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Furry v superheroes; box office in early 2016

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batmanvjudy.jpgAccording to box office tracking site Box Office Mojo, Zootopia has just passed Deadpool to become the highest grossing movie of 2016. It's still early in the year, and Zootopia will most likely have relinquished the crown by 2017, but the beginning of the year has seen furries and superheroes battle it out for dominance at the box office.

As of press time, the current weekly box office champ, on its second weekend, is Batman v Superman: Dawn of Justice, a superhero showdown of franchise-launching proportions; when the dust settles, it will probably come out ahead of Zootopia, though some film pundits have sensed weakness. The film, while doing massive box office by any standards, has still underperformed compared to predictions both weeks, and has had massive box office drops both from day to day and week to week. Zootopia, while never as massive an opener, has sustained smaller drop-offs and consistently overperformed compared to box office pundit predictions.

But the story of 2016's box office hasn't just been Batman v Superman v Zootopia; as noted, the previous biggest box office of the year was Deadpool, while a look back at the weekly charts reveals its been furries versus superheroes since nearly the beginning of the year.

Two of the top five movies of the year are superhero movies, with Batman v Superman: Dawn of Justice and Deadpool representing, and two are animated anthropomorphic animal movies featuring entirely furry worlds, with Zootopia and Kung Fu Panda 3 representing. In fact, these four movies have lead the North American box office all year; Batman v Superman ended Zootopia's three week streak at the head of the box office pack, which began with the end Deadpool's own three week streak, which ended Kung Fu Panda 3's two week streak. In fact, only one non-superhero, non-furry 2016 release has held the box office crown for a week, Ride Along 2, which is actually currently sitting at ninth on the year box office list. 2015 holdouts Star Wars: The Force Awakens and The Revenant account for the rest of the year's weekly winners.

The fifth movie to make the top five list for biggest box office so far of 2016 is (also arguably furry in a "if you really want to press the point" kind of way) The Mermaid, a Chinese production who's box office is negligible in America, but has taken off in its home country, which has become a major player in the battle for box office dominance. And if there is a battle between furries and superheroes, China is on team furry. Kung Fu Panda 3 is an American/Chinese co-production, while Zootopia was a rare American production to be given an extension to its month-long theatrical run in China (non-Chinese productions are normally only allowed 30 days to play in Chinese theaters). Meanwhile, China has not been so welcoming to Batman v Superman. Outside the top five, sixth place also goes to a Chinese production, Monster Hunt, which was also "furry enough" to gain a Flayrah review.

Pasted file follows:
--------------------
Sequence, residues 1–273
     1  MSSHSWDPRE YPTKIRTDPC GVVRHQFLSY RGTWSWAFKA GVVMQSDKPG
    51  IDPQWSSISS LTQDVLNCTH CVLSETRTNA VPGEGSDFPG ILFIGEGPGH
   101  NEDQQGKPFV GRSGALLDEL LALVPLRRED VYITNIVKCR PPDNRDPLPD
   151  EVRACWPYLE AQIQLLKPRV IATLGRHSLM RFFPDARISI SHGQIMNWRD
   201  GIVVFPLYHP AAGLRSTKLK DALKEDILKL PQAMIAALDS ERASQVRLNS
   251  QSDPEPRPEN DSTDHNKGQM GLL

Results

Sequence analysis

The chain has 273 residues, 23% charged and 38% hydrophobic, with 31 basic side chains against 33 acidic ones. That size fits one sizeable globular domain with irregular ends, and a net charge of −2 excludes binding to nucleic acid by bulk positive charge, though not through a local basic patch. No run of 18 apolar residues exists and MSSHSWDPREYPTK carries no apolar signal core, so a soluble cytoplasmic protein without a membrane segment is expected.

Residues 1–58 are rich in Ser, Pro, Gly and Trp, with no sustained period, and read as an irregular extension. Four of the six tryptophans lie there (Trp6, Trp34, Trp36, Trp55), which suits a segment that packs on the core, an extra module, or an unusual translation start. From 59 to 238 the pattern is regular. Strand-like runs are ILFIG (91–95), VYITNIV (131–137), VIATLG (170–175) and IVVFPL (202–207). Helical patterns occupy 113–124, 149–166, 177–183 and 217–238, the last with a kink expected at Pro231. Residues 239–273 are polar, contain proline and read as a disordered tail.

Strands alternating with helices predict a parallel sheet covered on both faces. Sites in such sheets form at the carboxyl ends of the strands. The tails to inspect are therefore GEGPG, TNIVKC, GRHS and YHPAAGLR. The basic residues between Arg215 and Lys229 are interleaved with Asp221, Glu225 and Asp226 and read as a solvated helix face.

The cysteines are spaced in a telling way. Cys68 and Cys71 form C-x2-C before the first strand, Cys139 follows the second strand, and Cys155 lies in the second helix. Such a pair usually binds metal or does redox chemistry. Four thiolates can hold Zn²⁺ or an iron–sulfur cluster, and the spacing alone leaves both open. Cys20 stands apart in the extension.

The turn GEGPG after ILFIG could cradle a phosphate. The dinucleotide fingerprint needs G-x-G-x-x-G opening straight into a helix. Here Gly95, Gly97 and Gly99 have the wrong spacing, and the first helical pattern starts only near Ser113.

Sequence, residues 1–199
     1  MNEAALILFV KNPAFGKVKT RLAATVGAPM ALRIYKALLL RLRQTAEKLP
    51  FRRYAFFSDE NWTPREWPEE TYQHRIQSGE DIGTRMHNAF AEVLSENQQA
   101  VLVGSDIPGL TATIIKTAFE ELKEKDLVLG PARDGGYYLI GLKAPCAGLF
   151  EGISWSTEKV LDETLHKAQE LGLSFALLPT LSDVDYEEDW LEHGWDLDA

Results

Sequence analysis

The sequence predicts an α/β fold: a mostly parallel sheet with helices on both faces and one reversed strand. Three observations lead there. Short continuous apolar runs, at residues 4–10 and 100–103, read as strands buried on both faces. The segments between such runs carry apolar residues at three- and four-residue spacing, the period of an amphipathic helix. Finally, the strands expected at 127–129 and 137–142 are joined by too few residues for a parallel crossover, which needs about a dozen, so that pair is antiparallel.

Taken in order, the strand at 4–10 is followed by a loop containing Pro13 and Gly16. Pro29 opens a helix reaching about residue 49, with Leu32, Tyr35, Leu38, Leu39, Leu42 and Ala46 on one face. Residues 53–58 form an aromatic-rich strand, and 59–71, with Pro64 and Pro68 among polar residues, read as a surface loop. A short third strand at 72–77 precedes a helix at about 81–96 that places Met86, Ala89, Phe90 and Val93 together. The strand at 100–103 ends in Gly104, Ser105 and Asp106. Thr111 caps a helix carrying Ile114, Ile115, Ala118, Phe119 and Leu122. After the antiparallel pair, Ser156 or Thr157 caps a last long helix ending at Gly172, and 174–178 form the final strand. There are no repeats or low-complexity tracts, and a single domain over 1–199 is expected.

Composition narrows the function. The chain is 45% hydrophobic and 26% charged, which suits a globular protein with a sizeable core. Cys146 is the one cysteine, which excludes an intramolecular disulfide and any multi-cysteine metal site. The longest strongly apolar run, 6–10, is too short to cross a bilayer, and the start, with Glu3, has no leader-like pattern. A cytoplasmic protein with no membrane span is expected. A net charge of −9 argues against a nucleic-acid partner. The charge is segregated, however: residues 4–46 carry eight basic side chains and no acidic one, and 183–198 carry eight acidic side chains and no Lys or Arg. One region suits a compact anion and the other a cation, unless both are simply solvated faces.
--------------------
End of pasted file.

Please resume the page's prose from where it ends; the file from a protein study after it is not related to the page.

Beyond box office, furries are definitely winning the critics over. While Deadpool garnered a positive critical response (a "certified fresh" 83% on Rotten Tomatoes), it still lags behind Kung Fu Panda 3's 86%. However, it's the two more recent movies that the divide becomes even clearer; Zootopia has a pretty decent 99% (and reached "certified fresh" status before receiving a single "rotten" review), making it the best reviewed movie of the year so far, while Batman v Superman is a 29% rotten. The movie's apparent early box office success created thinkpieces wondering if critics mattered, which is a bit ironic given that Zootopia is currently both 2016's critical and commercial king.

It should be pointed out that April is early in the year; the final top ten for the year will probably look very different (beyond the top six, many of the movies currently in the top ten, such as Gods of Egypt and The Divergent Series: Allegiant are actually notable box office flops). However, barring Hardcore Henry becoming a surprise sleeper hit next week (admittedly, an experimental R-rated action movie is going to be hard to predict), the pattern should hold for the at least the near future; the movie most likely to dethrone Batman v Superman from the top of the weekly charts in two weeks' time? The Jungle Book.

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I expect The Jungle Book will do very well though I'm not personally excited for it. I hope Ratchet & Clank can make an impact at least, it doesn't seem to have any buzz. XP

The only movie I've seen this year was Kung Fu Panda so I guess I'll just keep waiting till something worth while comes out. Civil War isn't going to get me to the theater either. XP

I'm a different furry with different opinions.

Proud Staffer of VancouFur 2017~

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when the dust settles, it will probably come out ahead of Zootopia

I mean, I know that superhero movies are in right now, but wasn't that particular superhero movie, uh, bad?

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To quote Clint Eastwood's character in Unforgiven, when it comes to box office: